Display only the posts authored by the current WP user on the ‘Posts’ page in the back-end

2 Jan

First, Wish you all a Happy New Year! 🙂
Now lets get down to the nerd stuff!
This is a very commonly faced problem by many WP devs. When logged in as a user with a role that is allowed to create / edit posts such as Author, Editor, Contributor or a custom role with the ‘edit_posts’ capability, the posts list on the ‘Posts’ page in the back-end shows all the published posts, even those by other users. The current user can see and edit his own posts, which is fine, but can see user’s posts which seems to be killing the sense of privacy in a multi-user system and is undesired by many developers. Doesn’t it look more secure and sophisticated when the posts list shows only the current users posts? In fact in a system where users are given accounts and privileges to create / edit posts, this fact is very important that they get to see only their work and not others. Also, it will reduce the posts list!

Unfortunately this is not possible with ‘edit_posts’ capability, as it displays all the published posts, and hence this hack can be used.

We’ll use the very well known action hook, ‘pre_get_posts’ for achieving this. If this sounds strange for you, then I suggest you read more on WP Actions and ‘pre_get_posts’ before reading down.

This is the code that’ll do our job:

add_action('pre_get_posts', 'filter_posts_list');
function filter_posts_list($query)
{
	//$pagenow holds the name of the current page being viewed
	 global $pagenow;

	//$current_user uses the get_currentuserinfo() method to get the currently logged in user's data
	 global $current_user;
	 get_currentuserinfo();
    
    	//Shouldn't happen for the admin, but for any role with the edit_posts capability and only on the posts list page, that is edit.php
    	if(!current_user_can('administrator') && current_user_can('edit_posts') && ('edit.php' == $pagenow))
   	 {
		//global $query's set() method for setting the author as the current user's id
		$query->set('author', $current_user->ID); 
    	}
}

That’s it! The code is pretty simple. We hook into ‘pre_get_posts’ which runs before the query for retrieving the posts list is run. Then we check that the current user is not the Admin but has a role with ‘edit_posts’ capability, and use $pagenow global variable to make sure our code is run only on the ‘Posts’ page in the back-end, which is actually named ‘edit.php’. Variable $query is an object of the WP_Query class, and holds the current query for getting the posts. It has a method ‘set’ that allows you to change the arguments of the query. All the parameters that can be used with WP_Query, are valid over here. Hence we set the current user’s id as the ‘Author’, which means the query will now retrieve only the current user’s posts.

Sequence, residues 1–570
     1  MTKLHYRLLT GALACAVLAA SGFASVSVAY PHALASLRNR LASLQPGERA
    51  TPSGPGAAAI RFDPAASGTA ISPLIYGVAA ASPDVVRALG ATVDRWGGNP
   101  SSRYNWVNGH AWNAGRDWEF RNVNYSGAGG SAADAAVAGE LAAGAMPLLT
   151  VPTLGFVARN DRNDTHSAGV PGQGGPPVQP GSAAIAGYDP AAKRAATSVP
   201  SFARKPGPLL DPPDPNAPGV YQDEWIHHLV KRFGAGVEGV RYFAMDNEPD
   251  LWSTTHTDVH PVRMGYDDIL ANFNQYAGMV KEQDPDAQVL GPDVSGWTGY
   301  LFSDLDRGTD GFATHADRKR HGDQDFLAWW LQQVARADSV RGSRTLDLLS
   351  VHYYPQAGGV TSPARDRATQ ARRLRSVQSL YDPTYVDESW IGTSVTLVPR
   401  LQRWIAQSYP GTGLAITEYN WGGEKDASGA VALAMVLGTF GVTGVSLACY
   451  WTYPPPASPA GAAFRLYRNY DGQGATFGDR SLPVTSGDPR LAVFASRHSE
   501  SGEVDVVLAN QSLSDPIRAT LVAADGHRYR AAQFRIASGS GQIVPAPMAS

Note: You can filter the posts list with any criteria you want using the same method!

Now, if you log in with the role you did this for (not the Admin!), and view the posts list page, you’ll see that it no more displays all the published posts, but only the current users posts.

There’s one more place that will reveal to the current user that there are other posts in this system as well, that is the 3 links that show the posts counts, ‘All’, ‘Published’ and ‘Mine’. As we’re showing the only the current user’s posts, we are interested in ‘Mine’, hence want to hide the other two.

Let’s do it right away. Edit the above code, and add the following lines to it, right after the line ‘$query->set…’:

$screen = get_current_screen();
 add_filter('views_'.$screen->id, 'remove_post_counts');

We’re using an undocumented filter ‘views_’.{screen_id}, which needs the current screen’s id. Hence we use the ‘get_current_screen()’ method for getting the current screen’s id, and append it to ‘view’. The function ‘remove_post_counts’ is as follows:

function remove_post_counts($posts_count_disp)
{
	//$posts_count_disp contains the 3 links, we keep 'Mine' and remove the other two.
	unset($posts_count_disp['all']);
    	unset($posts_count_disp['publish']);
    
    	return $posts_count_disp;
}

Visit the ‘Posts’ page again, and you should see only the current user’s posts count displayed there.

I assume this tutorial will help you achieve a better level of privacy and thus security, if you’re extensively using custom user roles in your system and allowing unknown users to edit posts. You can use the same trick and filter the posts list in the back-end ‘Posts’ page using any criteria you want!

Doubts, comments, criticism… always welcome!

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